In my last post I discussed Benjamin Bloom and how Bloom’s Taxonomy can be a guide to helping us determine if we’ve truly learned something, as well as give us objectives in helping others learn concepts in such a way that they can understand, apply, analyze and improvise them. Throughout Bloom’s career he sought to better understand what factors led to students excelling and achieving the objectives of their curriculums. In his book “Developing Talent in Young People”, Bloom demonstrated that famous high-achieving adults were rarely considered child prodigies. The difference “was the kind of attention and support those individuals received at home from their parents…they realized goals born of guidance rather than raw genetic capacity. Attainment was a product of learning, and learning was influenced by opportunity and effort. It was then, and is now, a powerful and optimistic conception of the possibilities that education provides.” In other words, Bloom argued that environment and not genetics was the biggest factor in helping a student reach their potential in learning.
The type of environment necessary for reaching full potential matters a lot. In 1984, Bloom published an article entitled “The 2 Sigma Problem: The Search for Methods of Group Instruction as Effective as One-to-One Tutoring.” In short, 3 learning environments were compared:
- Conventional – roughly 30 students per teacher, periodic tests given.
- Mastery Learning – roughly 30 students per teacher learn the material in a classroom setting (like above) . However, the tests (like those in the Conventional class) are used to give feedback which is immediately followed by corrective procedures and ‘parallel formative tests’.
- Tutoring – Usually one (sometimes 2-3) student(s) learned the material from a good tutor. Tutoring instruction was “followed periodically by formative tests, feedback corrective procedures, and parallel formative tests”.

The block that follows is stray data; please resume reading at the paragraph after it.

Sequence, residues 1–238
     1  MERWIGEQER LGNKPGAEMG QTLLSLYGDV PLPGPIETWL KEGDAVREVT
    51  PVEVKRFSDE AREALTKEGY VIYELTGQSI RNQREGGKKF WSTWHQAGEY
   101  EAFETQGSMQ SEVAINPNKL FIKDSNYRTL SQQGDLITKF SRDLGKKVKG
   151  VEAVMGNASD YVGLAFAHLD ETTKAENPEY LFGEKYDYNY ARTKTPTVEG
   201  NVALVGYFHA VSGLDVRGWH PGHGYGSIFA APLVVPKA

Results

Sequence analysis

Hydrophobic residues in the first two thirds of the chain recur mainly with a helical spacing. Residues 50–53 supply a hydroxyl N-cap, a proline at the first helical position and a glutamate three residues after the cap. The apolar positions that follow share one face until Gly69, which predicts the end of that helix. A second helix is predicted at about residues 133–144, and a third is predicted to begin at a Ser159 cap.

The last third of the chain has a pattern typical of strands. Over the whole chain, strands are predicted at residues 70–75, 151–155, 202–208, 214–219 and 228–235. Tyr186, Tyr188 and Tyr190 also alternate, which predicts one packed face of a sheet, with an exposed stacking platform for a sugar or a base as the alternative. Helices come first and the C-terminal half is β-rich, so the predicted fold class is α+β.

These studies found that the average student in the tutoring group was two standard deviations (or 2 sigma) above the average student in the conventional group – meaning that they were above 98% of the conventional students. (The average student in the mastery learning group was 1 sigma above the average student in the conventional group – or above 84% of the conventional group.)
In light of these findings, Bloom wrote:
“The tutoring process demonstrates that most of the students do have the potential to reach this high level of learning. I believe an important task of research and instruction is to seek ways of accomplishing this under more practical and realistic conditions than the one-to-one tutoring, which is too costly for most societies to bear on a large scale. This is the ‘2 sigma’ problem.”
I had three immediate reactions to Bloom’s statement. First, I am more determined than ever to be heavily involved in tutoring my children regardless of whether we go with a home school, private school or public school approach. Second, what does it say about our society that even the home cannot be a “safe bet” for one-to-one tutoring? Regardless of the reasons, I am troubled that an entire value system has been built that deems it “too costly” for us to bear. I wonder what the general attitude and level of education in our nation would be if families didn’t assume that education was something to be outsourced to an already overburdened and complicated public school system? Third, it struck me in the context of workplace mentoring. How often do I make myself available to be a mentor for junior software developers? How often am I seeking out other senior developers or managers to mentor me?
What about you? I’d love to hear your thoughts. Do you seek out mentors in the workplace? Have you been a mentor? How did that work? What helped it happen? What undermined it?